‘This Mortal Coil’ is more traditional blues, seriously slowed down, restrained and teasing.  A series of songs from Meat And Potatoes get more upbeat, and explore a variety of rooms in the house of blues.  Siegal’s trademark rasping squeal is let out to play on ‘Brandy Balloon’, its funk inclinations underlined by a positively James Brown-ish conclusion, while  ‘Butterside Up’ sounds like downbeat, late period Stax.  And if ‘Bloodshot’ is essentially R&B out of Chicago, Siegal suddenly steers it to the Thames Delta with a teasing nod to ‘My Generation’ as he slots in half a phrase of ‘people try to put us down’ and catches the audience reflexively completing the line.  “Gets ‘em every time,” he grins.
On ‘Hard Pressed’ drummer Raphael Schwiddessen and bassist Danny Van’t Hoff lay down a groove that treads the path from blues to funk, and then Siegal deepens the groove further by taking a diversion into Prince’s ‘Sign O’ The Times’ and ‘Get Off’.  It’s also a song that demonstrates nicely Siegal’s penchant for paradoxical wordplay.  ‘Sugar Rush’ maintains the vibe, ultimately adding a soul connection by folding in Sam Cooke’s ‘You Send Me’.
All of this is knitted together by Siegal’s gravelly voice, like a Hampshire Howlin’ Wolf.  But as his slide playing on the apocalyptic blues of ‘Revelator’ illustrates, he’s no mean guitar player either.  In fact with regular guitarist Dusty Cigaar replaced for this leg of the tour by
Jed Potts gets into the groove
Joel Fisk, Siegal takes on more lead guitar responsibility than usual, and has the feel to make a great fist of it.
He closes with ‘Falling On Down Again’, another song from Meat And Potatoes – I’d have loved to hear more from Swagger – and I sense that it takes its inspiration from Big George Watt’s ‘Take A Walk In The Wilderness’, which is so often a staple of Siegal’s set.
Let's not ignore the fact that the crowd are well warmed up for the main event by Jed Potts and the Hillman Hunters, accompanied for the occasion by the excellent Husky Horns.  Potts, like Siegal, has a well crafted ability to braid together the threads of roots music, and he and his compadres deliver an accomplished, swinging, good time trip down the Mississippi, incorporating Chuck Berry’s ‘Back To Memphis’, the Dixie Cups’ ‘Iko Iko’, Hank Williams’ ‘Jambalaya’ (yes, The Carpenters had an ear for a classic), and Gary US Bonds’ ‘New Orleans’.  And they round off their set with one of Potts’ own songs, ‘Ain’t It Rough When Your Baby’s In The Huff’, which features some tongue-twisting versifying to underpin its rock solid R’n’B credentials.  More please!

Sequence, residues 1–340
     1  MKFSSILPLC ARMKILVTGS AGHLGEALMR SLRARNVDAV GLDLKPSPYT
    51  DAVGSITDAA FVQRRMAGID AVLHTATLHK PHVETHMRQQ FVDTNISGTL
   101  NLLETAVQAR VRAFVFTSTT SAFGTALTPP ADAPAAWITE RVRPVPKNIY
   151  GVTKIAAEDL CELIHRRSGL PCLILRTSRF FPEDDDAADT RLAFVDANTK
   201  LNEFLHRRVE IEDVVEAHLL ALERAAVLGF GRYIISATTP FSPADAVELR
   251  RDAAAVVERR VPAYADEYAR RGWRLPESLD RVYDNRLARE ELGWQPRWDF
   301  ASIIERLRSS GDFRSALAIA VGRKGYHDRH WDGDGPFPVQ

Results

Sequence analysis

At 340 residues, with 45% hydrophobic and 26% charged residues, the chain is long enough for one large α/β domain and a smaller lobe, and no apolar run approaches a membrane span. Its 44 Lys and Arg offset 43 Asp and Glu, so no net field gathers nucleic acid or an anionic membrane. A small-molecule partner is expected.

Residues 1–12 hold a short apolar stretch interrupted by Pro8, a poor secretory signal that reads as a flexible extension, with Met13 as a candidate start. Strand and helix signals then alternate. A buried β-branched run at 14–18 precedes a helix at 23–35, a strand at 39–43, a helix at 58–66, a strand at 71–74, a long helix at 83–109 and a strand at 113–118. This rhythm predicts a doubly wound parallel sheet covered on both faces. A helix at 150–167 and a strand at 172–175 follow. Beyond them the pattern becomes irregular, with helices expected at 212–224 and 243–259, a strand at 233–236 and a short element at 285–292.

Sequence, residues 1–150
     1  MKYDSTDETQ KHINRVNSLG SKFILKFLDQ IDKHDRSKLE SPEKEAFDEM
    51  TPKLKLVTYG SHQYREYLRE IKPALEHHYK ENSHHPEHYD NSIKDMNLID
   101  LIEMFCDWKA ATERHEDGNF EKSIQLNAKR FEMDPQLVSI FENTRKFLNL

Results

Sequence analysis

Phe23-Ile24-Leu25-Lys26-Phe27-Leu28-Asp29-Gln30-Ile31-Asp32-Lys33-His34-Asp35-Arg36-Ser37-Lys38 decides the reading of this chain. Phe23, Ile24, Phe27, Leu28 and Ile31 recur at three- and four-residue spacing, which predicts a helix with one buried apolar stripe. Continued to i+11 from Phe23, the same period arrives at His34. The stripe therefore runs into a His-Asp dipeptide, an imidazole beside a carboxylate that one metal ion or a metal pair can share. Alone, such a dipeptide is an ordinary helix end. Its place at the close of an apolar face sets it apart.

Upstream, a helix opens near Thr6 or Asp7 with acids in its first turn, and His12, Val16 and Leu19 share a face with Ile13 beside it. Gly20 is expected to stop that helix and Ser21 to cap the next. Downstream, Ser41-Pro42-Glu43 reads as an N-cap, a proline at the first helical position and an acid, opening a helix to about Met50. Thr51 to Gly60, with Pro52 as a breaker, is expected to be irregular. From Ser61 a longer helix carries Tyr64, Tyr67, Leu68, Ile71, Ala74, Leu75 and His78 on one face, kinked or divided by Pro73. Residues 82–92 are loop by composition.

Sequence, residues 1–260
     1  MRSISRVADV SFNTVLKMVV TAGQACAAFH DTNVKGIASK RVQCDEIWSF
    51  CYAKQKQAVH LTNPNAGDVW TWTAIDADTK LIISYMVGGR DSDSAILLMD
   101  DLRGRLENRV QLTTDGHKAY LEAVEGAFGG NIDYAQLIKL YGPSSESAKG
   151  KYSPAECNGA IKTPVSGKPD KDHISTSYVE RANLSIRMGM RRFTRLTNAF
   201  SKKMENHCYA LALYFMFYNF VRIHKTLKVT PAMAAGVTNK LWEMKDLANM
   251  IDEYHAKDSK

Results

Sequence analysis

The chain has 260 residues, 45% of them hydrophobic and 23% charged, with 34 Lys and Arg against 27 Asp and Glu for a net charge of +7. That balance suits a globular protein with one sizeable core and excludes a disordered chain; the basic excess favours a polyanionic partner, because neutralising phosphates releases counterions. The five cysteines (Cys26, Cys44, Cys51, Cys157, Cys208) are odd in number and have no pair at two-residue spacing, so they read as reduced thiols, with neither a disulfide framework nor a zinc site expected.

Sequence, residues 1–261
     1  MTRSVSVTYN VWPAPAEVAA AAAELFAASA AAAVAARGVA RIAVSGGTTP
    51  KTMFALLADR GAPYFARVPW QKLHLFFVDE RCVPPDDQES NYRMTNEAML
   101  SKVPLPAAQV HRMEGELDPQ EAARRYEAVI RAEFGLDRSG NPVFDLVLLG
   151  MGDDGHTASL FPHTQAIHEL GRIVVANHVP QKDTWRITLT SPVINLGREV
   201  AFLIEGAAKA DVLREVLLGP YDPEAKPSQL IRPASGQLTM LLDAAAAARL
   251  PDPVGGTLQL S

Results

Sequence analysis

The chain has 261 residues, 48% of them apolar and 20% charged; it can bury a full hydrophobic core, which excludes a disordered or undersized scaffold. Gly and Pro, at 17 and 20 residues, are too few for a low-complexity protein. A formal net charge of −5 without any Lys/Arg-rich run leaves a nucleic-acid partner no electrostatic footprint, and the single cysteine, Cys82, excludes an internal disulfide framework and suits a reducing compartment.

Saturday, November 19, 2016

Laurence Jones - The Caves, Edinburgh, 17 November 2016

A hundred and eighty gigs so far this year hasn’t dimmed the enthusiasm of Laurence Jones and his band.  Which is just as well, because that enthusiasm is infectious, and does a lot to sustain their set.
Launching into action with ‘Got No Place To Go’, they immediately demonstrate one of their strengths, with a chunky, funky riff that folds in Roger Inniss’s bass and demonstrates early on that drummer Phil Wilson is now well and truly in the groove since joining a year or so ago.  They keep up the good work with ‘Can’t Keep Living Like This’, which features some interestingly twangy guitar in the verse, a huge riff in the bridge, and a Hendrixy solo from Jones.
"I've told you Rog, you can have a bass solo in a minute!"
Jones is a technically impressive guitarist, and he makes good use of effects to add variety to his sound, as on the offbeat, twitchy ‘Something’s Changed’.  He’s also capable of mining a fruitful seam of funk – and why wouldn’t he, when he has the not-so-secret weapon of Roger Inniss and his six-string bass at his disposal? His latest album Take Me High hinted at him going further in this direction, but it’s less in evidence than I expected, which is a pity.
They add a shot of reggae to ‘Something’s Changed’ though, morphing it into ‘I Shot The Sherriff’ as a prelude to more echoes of Clapton with ‘Cocaine’.  ‘Thunder In The Sky’ offers a slow blues epic, which shows off a good sense of space, and also demonstrates that Jones’s voice has come on leaps and bounds over the last couple of years.
There are a couple of good hooks too, on ‘I Will’ and ‘Live It Up’, the latter featuring another novel, squelchy guitar effect.  ‘Addicted To Your Love’ is a slow grind with some howling guitar, and ‘What’s It Gonna Be’ closes the loop with another chunky riff.
I like Laurence Jones and his band, but four albums in it’s time for him to make a big stride forward.  He needs to push beyond the prosaic lyrics evident in a lot of his songs, really connect with things emotionally, and bring that out in his playing.  Strangely, his set omits
Johnny Boos does some finger pickin'
tracks that have that resonance about them, such as the struggle of ‘Down & Blue’ – which I’m sure has personal connotations – or the humour of ‘Stop Moving The House’.  But they encore strongly with the R’n’B of ‘Every Day I Have The Blues’, with it’s mic-less singalong, and I like ‘em.  I’d just like to see what Laurence and co can really do.
Full credit to support band GT’s Boos Band for trying to come up with material that doesn’t plough a predictable furrow.  The punchy opener ‘Seven Questions’ is followed up by the imaginative ‘High N Dry’, with its tempo changes and shimmering passages.  They get well and truly ambitious with the epic feel of ‘Amsterdam’, which has an interesting up tempo segment and atmospheric guitar from Johnny Boos, but begs the question whether the whole is greater than the sum of the parts.  A more coherent attempt at doing something adventurous is the set closer ‘What I’m Wishing’, with a powerful closing solo from Boos.  In between, ‘Letham City Blues’ is gutsy, and ‘Real Born Winner’ dishes up some bright rhythm and blues.  I look forward to seeing them add greater consistency to the variety.